This is a sequel to my previous post:
1. It's common to read Christians who describe the Trinity by saying the Godhead has three centers of consciousness. For instance:
The problem with these analogies, of course, is that they do not account for the New Testament data, in which the persons of the Trinity are actual centers of consciousness, entering into various transactions with one another: the Father sends the Son, the Son prays to the Father, the Father answers the prayers of the Son, the Father and Son together send the Spirit. Indeed, the Augustinian/Aquinas type of model veers toward Sabellianism, a heresy which began in the western, Latin-speaking church, and which has historically posed a particular danger to the Latin tradition of theology.
Likewise, Thomas Morris and Trenton Merricks describe the Trinity in terms of three distinct centers of consciousness. There are, however, theologians like Rahner and Barth who consider that tritheistic.
2. It's a seminal mistake to begin with a preconception of tritheism, then use that as a filter to preemptively screen out certain models of the Trinity. Rather, we need to begin with God's self-revelation. Our description should model his self-revelation. It's improper to trim God down to fit into our preconceived notion of what God ought to be like.
3. In addition, "tritheism" is ambiguous. That doesn't have a uniform meaning. It would vary according to what is meant by theism. The gods of pagan polytheism are very different than the god of unitarian thinkers like Maimonides and Al-Ghazâlî. If you had just three pagan gods. that would be tritheistic. If you were to triplicate the Deity of Maimonides or Al-Ghazâlî, that would be tritheistic. But they'd have very different attributes.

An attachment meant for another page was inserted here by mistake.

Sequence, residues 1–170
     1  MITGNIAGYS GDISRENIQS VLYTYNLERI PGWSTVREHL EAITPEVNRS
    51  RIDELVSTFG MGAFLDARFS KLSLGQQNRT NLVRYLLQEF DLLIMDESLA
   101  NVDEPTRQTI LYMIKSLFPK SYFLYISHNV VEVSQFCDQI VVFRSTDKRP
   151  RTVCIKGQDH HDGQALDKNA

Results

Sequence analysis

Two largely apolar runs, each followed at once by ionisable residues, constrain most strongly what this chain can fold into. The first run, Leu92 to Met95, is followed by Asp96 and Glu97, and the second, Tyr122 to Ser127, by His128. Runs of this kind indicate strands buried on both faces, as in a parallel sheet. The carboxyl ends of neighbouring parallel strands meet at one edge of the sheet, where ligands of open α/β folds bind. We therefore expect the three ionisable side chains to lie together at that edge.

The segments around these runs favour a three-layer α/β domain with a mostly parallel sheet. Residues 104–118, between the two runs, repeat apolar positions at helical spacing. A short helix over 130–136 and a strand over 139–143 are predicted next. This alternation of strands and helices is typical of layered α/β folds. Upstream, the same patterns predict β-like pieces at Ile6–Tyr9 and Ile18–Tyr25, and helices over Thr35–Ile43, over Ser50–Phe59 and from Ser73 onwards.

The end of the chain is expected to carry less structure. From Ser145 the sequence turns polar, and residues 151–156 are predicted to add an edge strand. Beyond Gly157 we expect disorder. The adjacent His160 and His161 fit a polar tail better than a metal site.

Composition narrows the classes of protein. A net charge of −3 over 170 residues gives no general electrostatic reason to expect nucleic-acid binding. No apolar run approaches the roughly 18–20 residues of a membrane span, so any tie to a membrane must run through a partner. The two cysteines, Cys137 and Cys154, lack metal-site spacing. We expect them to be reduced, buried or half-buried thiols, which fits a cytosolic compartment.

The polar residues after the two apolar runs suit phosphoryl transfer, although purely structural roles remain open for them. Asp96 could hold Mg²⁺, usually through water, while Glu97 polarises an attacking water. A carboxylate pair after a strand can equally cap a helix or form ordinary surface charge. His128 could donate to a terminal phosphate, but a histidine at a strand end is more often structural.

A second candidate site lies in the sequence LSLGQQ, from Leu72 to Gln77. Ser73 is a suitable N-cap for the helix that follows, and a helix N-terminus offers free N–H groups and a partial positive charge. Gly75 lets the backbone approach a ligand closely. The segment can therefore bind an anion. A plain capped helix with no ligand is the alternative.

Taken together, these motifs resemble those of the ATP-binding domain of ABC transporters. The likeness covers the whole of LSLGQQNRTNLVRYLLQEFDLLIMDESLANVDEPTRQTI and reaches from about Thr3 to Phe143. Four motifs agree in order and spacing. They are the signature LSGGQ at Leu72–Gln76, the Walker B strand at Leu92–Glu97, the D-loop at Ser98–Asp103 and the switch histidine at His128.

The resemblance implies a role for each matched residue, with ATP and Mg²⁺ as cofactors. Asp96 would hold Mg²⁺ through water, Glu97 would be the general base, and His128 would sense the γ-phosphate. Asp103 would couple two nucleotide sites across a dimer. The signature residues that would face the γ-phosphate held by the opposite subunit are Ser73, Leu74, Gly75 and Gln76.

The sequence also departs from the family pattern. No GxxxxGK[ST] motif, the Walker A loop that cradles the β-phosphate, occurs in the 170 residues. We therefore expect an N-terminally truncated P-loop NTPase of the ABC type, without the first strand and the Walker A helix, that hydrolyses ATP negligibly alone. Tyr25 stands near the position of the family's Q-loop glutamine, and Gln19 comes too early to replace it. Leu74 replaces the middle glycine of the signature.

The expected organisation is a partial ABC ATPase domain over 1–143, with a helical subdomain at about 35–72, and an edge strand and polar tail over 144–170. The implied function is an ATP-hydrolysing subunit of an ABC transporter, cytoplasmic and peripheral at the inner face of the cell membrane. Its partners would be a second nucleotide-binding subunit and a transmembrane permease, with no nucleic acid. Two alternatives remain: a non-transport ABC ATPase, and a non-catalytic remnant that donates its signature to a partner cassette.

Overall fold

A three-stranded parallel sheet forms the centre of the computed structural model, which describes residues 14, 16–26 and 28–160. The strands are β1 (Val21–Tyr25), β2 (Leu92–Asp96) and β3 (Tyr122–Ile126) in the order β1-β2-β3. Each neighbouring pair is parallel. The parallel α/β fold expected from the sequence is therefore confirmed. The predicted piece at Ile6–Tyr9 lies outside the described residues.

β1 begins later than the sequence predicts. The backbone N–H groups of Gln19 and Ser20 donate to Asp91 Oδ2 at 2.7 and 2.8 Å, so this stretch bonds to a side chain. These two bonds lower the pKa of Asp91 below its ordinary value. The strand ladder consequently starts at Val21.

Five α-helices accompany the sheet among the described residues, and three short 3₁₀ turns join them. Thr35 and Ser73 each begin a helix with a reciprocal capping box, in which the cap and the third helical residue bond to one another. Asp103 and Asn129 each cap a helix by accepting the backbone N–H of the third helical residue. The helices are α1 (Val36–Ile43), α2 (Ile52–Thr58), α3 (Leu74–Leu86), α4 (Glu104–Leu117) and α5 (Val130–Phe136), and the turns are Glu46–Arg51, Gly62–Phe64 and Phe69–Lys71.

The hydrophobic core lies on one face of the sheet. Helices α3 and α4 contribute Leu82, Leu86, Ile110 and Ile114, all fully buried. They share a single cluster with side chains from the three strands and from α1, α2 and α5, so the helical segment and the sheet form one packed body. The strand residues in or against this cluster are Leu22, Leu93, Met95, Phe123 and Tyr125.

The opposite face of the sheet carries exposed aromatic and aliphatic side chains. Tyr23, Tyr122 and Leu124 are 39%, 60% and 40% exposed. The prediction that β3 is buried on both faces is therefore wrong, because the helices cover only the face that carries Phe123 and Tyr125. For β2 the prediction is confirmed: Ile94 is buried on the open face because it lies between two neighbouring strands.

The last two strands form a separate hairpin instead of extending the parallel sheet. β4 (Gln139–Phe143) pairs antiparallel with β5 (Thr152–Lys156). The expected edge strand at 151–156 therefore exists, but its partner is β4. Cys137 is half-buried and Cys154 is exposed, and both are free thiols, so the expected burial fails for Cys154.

It's been said that Richard Swinburne's model of the Trinity is tritheistic. If so, it's tritheistic in a very different way than a hypothetical heathen tritheism or hypothetical triplication of the Deity which Maimonides or Al-Ghazâlî espouse.
Point being: we don't have an a prior conception of tritheism. The label tends to be circular and question-begging because it presumes a standard of comparison: what God is really like, in contrast to tritheism. Yet what God is really like is the very question at issue when we consider how to properly formulate the Trinity.
4. Aquinas famously said the members of the Trinity are subsistent relations, viz. substances in their own right rather than accidents contingent on the substances in which they inhere. But that's a very problematic definition.
i) To begin with, there's nothing inherently personal about a substance or relation.
ii) Moreover, it's hard to see how the members of the Trinity can just be relations. Be reducible to relations. For a relation presupposes things that are interrelated. What obtains between two (or more) things. You can't have relations apart from relata.
5. I said Alastair's formulation is modalistic because he views the members of the Godhead as modes of the divine nature. The nature is the source of the personal properties. The nature underlies the exempla. So the nature enjoys ultimacy, like an abstract universal is prior to concrete particulars.
6. On a Trinitarian interpretation of the Bible, it's hard to avoid saying the Godhead has three centers of consciousness or self-consciousness. The Son is conscious of his status as the Son, in contrast to the Father, who is conscious of his status as the Father, in contrast to the Son (ditto: the Spirit). Each member is conscious of what he is and what he is not.
Perhaps, though, it might be objected that that's equivocal. There's more to consciousness than self-awareness. Consciousness is defined by additional properties like intentionality.
But even though that's a valid distinction, the Bible depicts the members of the Godhead as having consciousness in that fuller sense as well. So I don't think we can eliminate distinct centers of consciousness, or three first-person viewpoints, without lapsing into modalism.